Survival Guide: Stress at Work
Recognising and addressing employee mental health is a fundamental aspect of effective management. As we embrace Stress Awareness Month, how can you as an employer ease the burden of stress, offer support and help your employees achieve a work-life balance? Here, it’s important to foster a warm and supportive work environment and remember that stress symptoms can vary from person to person and team to team.
10 signs of stress to look out for
Stress-related symptoms generally fall into three categories: emotional, mental, and behavioural. Taking a closer look at them therefore makes it clear why it’s important to identify and support stressed employees. Usually, it’s a case of workers starting to act differently. For example:
Working longer hours
Keep an eye out for employees who suddenly start staying at work later and later, or coming in earlier and earlier. Similarly, teams under stress may collectively put in extra hours to cope with increased demands or deadlines.
An uplift in irritability, twitchiness, and nervousness could be down to stress. This may be observed in both individual employees and within a team setting, where tension and conflict may arise more frequently.
It’s not unusual for people who are stressed to struggle to sleep at night. If you have an employee or a team member who’s coming to work visibly tired on a regular basis, it could be a tell-tale signal pointing towards stress.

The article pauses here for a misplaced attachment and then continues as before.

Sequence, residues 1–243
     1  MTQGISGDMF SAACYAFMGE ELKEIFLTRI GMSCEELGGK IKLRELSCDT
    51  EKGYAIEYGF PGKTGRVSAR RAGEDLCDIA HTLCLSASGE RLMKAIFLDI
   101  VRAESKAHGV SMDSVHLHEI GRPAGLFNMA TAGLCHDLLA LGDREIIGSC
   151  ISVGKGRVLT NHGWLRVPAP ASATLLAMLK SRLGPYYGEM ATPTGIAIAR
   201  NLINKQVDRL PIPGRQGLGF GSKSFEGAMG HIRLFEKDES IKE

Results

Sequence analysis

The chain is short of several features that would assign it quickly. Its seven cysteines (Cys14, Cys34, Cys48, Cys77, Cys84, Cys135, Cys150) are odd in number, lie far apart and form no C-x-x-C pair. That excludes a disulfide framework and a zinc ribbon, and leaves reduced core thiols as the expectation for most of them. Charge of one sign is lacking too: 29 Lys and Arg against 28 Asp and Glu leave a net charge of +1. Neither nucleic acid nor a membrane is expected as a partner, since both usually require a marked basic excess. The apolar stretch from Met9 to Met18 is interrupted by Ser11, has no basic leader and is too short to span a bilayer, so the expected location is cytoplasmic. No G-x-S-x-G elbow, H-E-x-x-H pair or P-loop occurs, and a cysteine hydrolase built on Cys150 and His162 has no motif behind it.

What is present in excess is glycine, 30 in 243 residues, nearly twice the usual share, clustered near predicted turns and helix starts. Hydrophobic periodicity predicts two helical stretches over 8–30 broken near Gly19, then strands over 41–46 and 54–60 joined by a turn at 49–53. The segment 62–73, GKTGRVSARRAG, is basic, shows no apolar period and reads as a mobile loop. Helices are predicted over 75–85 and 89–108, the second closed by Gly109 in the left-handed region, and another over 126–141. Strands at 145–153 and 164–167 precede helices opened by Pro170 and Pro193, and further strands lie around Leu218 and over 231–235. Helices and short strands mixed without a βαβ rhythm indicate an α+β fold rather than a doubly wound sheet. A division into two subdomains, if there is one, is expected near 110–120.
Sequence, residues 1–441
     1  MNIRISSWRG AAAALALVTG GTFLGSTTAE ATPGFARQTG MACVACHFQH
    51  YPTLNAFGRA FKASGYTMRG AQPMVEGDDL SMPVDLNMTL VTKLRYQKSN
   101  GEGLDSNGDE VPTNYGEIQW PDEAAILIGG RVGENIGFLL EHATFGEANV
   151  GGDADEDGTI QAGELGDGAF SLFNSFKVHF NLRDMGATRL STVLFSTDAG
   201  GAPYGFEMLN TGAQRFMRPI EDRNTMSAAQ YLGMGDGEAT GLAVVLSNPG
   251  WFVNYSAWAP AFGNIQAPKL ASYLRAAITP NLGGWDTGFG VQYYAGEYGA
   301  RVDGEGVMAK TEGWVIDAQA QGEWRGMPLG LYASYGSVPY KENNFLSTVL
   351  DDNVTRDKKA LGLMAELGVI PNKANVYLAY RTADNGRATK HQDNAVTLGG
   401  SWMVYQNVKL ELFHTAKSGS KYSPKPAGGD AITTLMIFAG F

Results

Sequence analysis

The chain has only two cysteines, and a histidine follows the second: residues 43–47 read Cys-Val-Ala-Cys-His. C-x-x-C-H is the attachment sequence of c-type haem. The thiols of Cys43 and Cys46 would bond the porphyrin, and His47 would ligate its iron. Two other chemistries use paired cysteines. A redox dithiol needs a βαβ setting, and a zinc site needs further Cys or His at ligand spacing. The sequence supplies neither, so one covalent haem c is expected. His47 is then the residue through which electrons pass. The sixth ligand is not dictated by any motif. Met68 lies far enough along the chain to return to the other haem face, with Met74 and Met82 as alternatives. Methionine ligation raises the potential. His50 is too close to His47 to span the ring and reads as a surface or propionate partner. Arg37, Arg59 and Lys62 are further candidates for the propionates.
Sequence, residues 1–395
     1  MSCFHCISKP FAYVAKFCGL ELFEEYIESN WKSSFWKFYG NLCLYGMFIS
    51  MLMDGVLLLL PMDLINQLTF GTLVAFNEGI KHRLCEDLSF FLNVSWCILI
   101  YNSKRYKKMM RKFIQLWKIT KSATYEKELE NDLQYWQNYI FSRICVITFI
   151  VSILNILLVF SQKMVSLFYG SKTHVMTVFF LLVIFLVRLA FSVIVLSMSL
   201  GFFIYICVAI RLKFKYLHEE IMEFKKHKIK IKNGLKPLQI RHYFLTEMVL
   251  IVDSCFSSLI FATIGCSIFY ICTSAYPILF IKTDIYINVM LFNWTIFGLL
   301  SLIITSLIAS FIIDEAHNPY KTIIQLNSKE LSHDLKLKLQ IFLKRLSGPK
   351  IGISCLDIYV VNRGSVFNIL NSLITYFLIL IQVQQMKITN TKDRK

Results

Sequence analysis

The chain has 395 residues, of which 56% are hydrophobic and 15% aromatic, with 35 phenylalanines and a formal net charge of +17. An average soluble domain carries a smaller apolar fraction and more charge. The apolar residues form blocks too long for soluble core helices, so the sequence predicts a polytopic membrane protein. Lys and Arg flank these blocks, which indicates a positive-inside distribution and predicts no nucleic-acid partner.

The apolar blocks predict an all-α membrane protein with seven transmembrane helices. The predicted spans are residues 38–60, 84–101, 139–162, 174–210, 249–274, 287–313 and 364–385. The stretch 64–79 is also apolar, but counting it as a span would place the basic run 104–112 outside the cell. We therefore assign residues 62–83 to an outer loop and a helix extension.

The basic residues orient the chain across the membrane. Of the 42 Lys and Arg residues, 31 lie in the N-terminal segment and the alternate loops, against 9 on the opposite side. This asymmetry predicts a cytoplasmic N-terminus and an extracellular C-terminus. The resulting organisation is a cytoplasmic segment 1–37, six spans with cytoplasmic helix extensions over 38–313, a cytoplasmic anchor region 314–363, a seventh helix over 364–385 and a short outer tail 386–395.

Shying away from others
How does your overall team cohesion look? When employees face stress, they may retreat to avoid drawing attention to themselves and withdraw from interactions with their colleagues.
Working through breaks
Similar to employees who suddenly begin coming in early and staying late, employees who stop taking breaks and start using their lunch breaks to catch up on work could be stressed about their workload.
Time off patterns
Are any of your employees not booking time off? Reluctance to take entitled time off could be a sign that an employee is worried they’ll fall behind with their workload. Conversely, employees who begin arriving late on a regular basis or start booking more time off than usual may be avoiding the workplace due to stress-related issues.